An Eastern Oddity
The riverís name and age are both unusual. No one knows the nameís origin: some say explorers found a river “new” to them---ironic because the New is very old. How old? Again, no one knows. Local legend claims only the Nile is older. Geologists know that the New is one of North Americaís oldest rivers, even older than the ancient Appalachian mountains through which it flows.
New Riverís shape and form present another oddity. The New has incised meanders, great bends that cut deeply into the earth—unusual in eastern North America where meandering rivers are normally broad and flat. Here, New River slices through ten million years of rock layers.
(Inscription beside the map on the right)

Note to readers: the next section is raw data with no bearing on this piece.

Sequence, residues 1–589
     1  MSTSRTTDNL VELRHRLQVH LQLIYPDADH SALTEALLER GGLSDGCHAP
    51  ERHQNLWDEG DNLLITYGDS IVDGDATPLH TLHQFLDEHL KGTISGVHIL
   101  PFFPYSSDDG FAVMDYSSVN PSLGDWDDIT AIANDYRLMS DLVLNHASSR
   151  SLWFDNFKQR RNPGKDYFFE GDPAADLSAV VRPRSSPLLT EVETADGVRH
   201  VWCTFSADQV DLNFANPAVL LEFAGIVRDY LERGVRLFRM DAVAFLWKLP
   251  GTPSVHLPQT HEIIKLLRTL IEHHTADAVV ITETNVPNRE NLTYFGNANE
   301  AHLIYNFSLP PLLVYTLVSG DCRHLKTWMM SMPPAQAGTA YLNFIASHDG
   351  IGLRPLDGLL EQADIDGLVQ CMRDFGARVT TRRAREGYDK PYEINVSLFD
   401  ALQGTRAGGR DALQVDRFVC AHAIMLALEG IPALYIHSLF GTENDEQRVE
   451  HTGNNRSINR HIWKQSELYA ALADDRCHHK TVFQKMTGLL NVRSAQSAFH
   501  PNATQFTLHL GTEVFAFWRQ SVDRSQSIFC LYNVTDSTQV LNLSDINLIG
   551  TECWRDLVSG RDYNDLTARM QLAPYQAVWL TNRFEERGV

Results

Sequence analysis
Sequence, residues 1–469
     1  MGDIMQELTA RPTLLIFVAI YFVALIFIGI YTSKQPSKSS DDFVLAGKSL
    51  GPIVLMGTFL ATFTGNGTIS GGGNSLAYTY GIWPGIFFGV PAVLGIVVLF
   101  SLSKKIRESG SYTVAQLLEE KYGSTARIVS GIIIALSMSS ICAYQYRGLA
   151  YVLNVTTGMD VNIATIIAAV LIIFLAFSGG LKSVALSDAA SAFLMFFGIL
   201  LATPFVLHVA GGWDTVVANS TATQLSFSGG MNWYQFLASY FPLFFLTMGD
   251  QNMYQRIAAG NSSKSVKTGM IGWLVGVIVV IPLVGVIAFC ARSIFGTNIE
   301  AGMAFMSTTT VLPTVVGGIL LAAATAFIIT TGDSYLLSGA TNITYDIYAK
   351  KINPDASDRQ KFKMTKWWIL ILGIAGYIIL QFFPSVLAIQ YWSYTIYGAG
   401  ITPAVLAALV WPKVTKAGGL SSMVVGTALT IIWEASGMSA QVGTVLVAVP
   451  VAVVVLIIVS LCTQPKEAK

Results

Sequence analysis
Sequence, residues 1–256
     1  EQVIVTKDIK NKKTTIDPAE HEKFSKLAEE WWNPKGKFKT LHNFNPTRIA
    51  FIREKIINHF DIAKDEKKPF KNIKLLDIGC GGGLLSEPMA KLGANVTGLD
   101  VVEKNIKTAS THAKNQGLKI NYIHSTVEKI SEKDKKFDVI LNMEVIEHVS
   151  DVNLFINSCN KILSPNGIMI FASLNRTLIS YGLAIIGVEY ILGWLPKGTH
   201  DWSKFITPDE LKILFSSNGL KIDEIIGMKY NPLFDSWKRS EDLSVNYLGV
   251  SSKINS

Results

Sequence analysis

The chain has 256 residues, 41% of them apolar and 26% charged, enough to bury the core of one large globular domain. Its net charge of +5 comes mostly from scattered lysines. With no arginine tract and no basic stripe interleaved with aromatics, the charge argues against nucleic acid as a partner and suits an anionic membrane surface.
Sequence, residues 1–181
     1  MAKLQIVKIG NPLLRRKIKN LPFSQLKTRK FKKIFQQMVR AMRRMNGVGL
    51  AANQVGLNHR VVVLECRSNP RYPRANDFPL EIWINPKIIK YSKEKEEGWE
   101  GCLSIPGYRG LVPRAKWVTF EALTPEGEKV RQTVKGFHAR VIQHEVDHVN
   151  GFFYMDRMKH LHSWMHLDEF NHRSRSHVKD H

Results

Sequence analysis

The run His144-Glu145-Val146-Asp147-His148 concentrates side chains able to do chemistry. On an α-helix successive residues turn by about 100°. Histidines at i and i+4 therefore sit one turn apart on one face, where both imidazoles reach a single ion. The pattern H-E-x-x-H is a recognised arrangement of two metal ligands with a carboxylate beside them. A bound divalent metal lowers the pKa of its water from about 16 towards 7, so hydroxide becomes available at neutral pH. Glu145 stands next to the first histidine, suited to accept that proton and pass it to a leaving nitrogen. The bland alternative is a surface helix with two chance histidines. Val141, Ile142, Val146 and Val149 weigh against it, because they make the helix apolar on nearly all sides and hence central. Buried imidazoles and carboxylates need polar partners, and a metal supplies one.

New River as it flows through New River Gorge National River. Notice the many bends and meanders, a trait unusual for a deep-canyon river in eastern North America.
Erected by National Park Service US Department of Interior.
Other nearby markers. At least 8 other markers are within 2 miles of this marker, measured as the crow flies. The Deceptive Forest (here, next to this marker); Smoke, Coke, Coal, and Kaymoor (a few steps from this marker); New River Gorge Scenic Drives (a few steps from this marker); Trail to Bridge Overlook (within shouting distance of this marker); The Bridge (within shouting distance of this marker); New River Gorge National River (within shouting distance of this marker); Townsend's Ferry (approx. 0.3 miles away); Fayetteville Town Park (approx. 1.4 miles away). Touch for a list and map of all markers in Lansing.
Categories. • Natural Features •
More. Search the internet for New River.
Credits. This page was last revised on November 28, 2016. This page originally submitted on November 26, 2016, by Don Morfe of Baltimore, Maryland. This page has been viewed 170 times since then and 2 times this year. Photos: 1, 2, 3, 4. submitted on November 26, 2016, by Don Morfe of Baltimore, Maryland. • Bill Pfingsten was the editor who published this page.